On Tuesday, January 12, 2016, Cape Cod National Seashore hosted a shark work group meeting. The meeting brought together public safety professionals from Cape Cod National Seashore and the towns of Plymouth, Chatham, Orleans, Eastham, Wellfleet, Truro, and Provincetown, along with the Atlantic White Shark Conservancy, to continue to collaborate on shark knowledge and safety efforts.

Dr. Greg Skomal of Massachusetts Marine Fisheries presented the latest preliminary information of white shark movements, population study and predatory behavior.Dr. Alison Kock, Lead Scientist for the Shark Spotter Program, Cape Town, South Africa, gave an in depth look at the evolution, successes and challenges ofher cities shark spotter program.

Dr. Kock's visit was sponsored by the Atlantic White Shark Conservancy.Workgroup members expressed their appreciation to Cynthia Wigren, President &Co-Founder of the Conservancy for her efforts to bring in Dr. Kock's expertise from a region of the world which has extensive experience with serious shark/swimmer interaction.Dr. Kock reviewed Cape Town's approach toward white shark species protection as well as public safety efforts.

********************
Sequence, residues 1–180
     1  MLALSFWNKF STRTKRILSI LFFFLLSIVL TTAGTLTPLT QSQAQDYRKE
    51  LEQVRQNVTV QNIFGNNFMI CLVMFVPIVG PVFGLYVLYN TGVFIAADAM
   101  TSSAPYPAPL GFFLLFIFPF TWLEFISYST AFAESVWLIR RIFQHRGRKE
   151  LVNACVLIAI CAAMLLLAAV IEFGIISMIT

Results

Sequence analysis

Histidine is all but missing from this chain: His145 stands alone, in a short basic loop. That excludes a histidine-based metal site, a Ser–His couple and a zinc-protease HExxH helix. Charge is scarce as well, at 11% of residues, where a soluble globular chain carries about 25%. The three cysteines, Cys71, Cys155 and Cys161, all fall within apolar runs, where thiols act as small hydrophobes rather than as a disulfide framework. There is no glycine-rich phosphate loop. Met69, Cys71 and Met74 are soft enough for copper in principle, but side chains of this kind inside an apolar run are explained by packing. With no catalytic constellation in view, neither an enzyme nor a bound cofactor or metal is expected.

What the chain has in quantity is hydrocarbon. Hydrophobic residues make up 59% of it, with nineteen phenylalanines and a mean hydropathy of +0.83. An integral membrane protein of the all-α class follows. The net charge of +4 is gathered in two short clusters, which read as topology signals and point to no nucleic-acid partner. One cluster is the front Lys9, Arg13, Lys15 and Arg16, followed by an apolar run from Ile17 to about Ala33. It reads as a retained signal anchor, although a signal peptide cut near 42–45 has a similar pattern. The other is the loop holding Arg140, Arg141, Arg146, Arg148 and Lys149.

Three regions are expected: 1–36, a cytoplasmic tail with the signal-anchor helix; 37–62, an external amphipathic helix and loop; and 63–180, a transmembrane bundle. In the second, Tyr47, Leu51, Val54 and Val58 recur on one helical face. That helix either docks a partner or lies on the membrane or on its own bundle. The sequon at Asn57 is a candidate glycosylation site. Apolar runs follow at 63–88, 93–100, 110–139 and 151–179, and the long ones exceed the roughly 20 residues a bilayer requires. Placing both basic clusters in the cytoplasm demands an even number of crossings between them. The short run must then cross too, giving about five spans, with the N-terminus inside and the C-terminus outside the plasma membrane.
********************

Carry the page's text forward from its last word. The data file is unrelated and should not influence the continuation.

Seashore Superintendent George Price said, "We very much appreciate the continuing efforts of the multi-town and agency shark work group to keep up with the latest information about white shark behavior near our swimming beaches and to learn from communities which have been dealing with white sharks for a long time.We are fortunate to have Dr. Skomal, Dr. Kock, and Ms. Wigren share their knowledge with this group."Members of this multi-town and agency group continue to share innovative ways to message shark safety to the public and learn from leading shark experts to inform us on the most current scientific information to help guide our proactive public safety education, awareness and response.

The national seashore, the towns of Cape Cod and the Islands, the Massachusetts Shark Research Program, and the Atlantic White Shark Conservancy have worked together to produce shark advisory signs for beaches, and brochures that provide education and safety tips for beach users.Brochures about shark information may be obtained at all National Park Service beaches and can be found seen on the park's website at nps.gov/caco.

 

 

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